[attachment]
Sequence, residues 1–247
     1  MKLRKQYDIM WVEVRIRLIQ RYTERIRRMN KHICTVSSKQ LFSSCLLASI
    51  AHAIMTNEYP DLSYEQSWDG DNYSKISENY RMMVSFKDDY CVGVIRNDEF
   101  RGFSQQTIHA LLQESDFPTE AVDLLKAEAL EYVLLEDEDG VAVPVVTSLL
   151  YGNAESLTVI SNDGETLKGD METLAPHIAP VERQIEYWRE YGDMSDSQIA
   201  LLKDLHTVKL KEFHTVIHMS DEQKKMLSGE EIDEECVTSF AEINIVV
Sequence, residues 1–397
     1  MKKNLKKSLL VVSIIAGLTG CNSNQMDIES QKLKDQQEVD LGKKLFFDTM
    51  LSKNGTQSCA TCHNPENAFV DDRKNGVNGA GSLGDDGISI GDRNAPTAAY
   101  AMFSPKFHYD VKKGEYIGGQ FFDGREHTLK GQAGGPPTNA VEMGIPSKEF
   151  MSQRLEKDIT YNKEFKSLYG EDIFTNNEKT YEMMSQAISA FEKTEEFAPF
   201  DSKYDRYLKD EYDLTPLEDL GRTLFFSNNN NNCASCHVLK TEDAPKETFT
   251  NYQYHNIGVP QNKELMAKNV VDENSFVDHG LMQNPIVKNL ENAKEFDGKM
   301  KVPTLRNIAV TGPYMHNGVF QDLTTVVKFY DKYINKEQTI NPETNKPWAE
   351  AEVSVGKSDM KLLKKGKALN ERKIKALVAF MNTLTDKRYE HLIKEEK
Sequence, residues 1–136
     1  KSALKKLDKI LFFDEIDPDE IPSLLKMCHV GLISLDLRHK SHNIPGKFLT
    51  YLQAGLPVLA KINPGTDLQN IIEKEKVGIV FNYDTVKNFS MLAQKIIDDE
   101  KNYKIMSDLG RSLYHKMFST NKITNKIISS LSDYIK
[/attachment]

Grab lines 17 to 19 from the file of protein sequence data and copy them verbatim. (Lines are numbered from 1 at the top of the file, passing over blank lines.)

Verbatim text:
     1  KSALKKLDKI LFFDEIDPDE IPSLLKMCHV GLISLDLRHK SHNIPGKFLT
    51  YLQAGLPVLA KINPGTDLQN IIEKEKVGIV FNYDTVKNFS MLAQKIIDDE
   101  KNYKIMSDLG RSLYHKMFST NKITNKIISS LSDYIK